• a clear plastic pocket that holds the DTMT's (100 problems)
  • two dry erase markers
  • an old sock to erase between practices
  • reading folders
  • books
  • pencils
  • scissors
  • glue
  • and a razor blade to slit my wrists when things go bad on the homework front
Well at about lap one, things did in fact go badly.  The dust from the course set off Bella's allergies into a full-blown sneezing fit.  Which she and I found hilarious.  Gabby, who was working on the DTMT's, did NOT find this funny.  She scowled as she fired off, "Bella!  STOP SNEEZING!  I'm trying to do my MATH!"
"Well, I can't (sneeze) help it (sneeze)!"

Next, Aaron "rolled a wheel".  Which means his tire came off his wheel and he crashed.  He was also none too pleased and now his facial expression matched Gabby's.  Things went from bad to worse and soon Gabby was laying down on the blanket in the fetal position.  I was just reaching for the razor blade to slice and dice the math sheet (Not my wrists!  Studies show that women just don't do that outside the bathtub because they view it as too messy.), when the race finally ended and we called it quits.

Later, as I was putting Gabby to bed, the tears flowed and it turned out she had a really bad day.  It was kind of like the scene in Goonies where Chunk is confessing to the Fratellis all the bad stuff he's done and crying and sobbing.  

Only she hadn't done anything, she was just really sad that the DTMT's had been moved up two days early due to field day and she had done really badly (in her eyes).  And she had to sit by the mean kids.

How do we get out of this horrid Mansion?  It's truly an old black-and-white episode of the Twilight Zone.  I envision Rod Serling just sitting on our steps narrating the whole damn mess night after night.  

Aaron has sort of taken over on this.  I think he's worried that I've passed on my crappy math skills to the girls in vitro.  Which may be the case.   Either way.  From now on, I'm keeping a pot on hand night after night until we move onto the next, sub-floor of the mansion...Multiplication.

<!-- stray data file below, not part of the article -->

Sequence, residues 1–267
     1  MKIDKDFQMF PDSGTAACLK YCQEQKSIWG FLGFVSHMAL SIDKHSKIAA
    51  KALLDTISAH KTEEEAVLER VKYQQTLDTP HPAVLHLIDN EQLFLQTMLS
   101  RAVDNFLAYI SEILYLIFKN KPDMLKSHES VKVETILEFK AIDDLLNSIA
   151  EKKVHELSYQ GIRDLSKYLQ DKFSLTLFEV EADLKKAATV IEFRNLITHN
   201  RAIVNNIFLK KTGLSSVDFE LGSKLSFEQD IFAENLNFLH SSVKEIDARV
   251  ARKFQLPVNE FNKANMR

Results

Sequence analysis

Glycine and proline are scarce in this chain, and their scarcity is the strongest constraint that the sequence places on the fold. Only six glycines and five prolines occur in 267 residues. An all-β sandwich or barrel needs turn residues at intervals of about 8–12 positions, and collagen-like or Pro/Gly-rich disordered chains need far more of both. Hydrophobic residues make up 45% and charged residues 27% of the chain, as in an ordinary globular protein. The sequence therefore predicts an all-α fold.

*cue thunder and lightning as Rod Serling narrates the questions below:

Do you need a magnet to hold up last week's failure of a test, thereby rocking your child's self-esteem?

Or perhaps something to carry it all when your homework isn't at home?

Wednesday, June 29, 2011

Step 5. Just put yourselves to bed....we're landscaping.

As many of you know we've been toiling in our landscape hell for about a month now.  I think it's my penance for rushing that old lady at King Soopers last Spring.  This has been years in the planning, but usually we'd look out back while holding cups of coffee and say something like, 

"We really need to do something about the yard."
"Yeah.  It's horrid."
"It's beyond horrid."
"But if we start it..."
"...then we'll have to finish it.  And we could..."
"ride our bikes instead and then go..."
"swimming with the girls.  Or hiking. Then I guess we could do..."
"anything.  I'd even play Candy Land for 5 hours straight instead of work on that."
"I'd rather take a shovel and hit myself on my bare pinky toe multiple times instead of work on that."
"Oh yeah?  Well I'D ______________________", (fill in the blank with anything else heinous that you would rather do than landscape).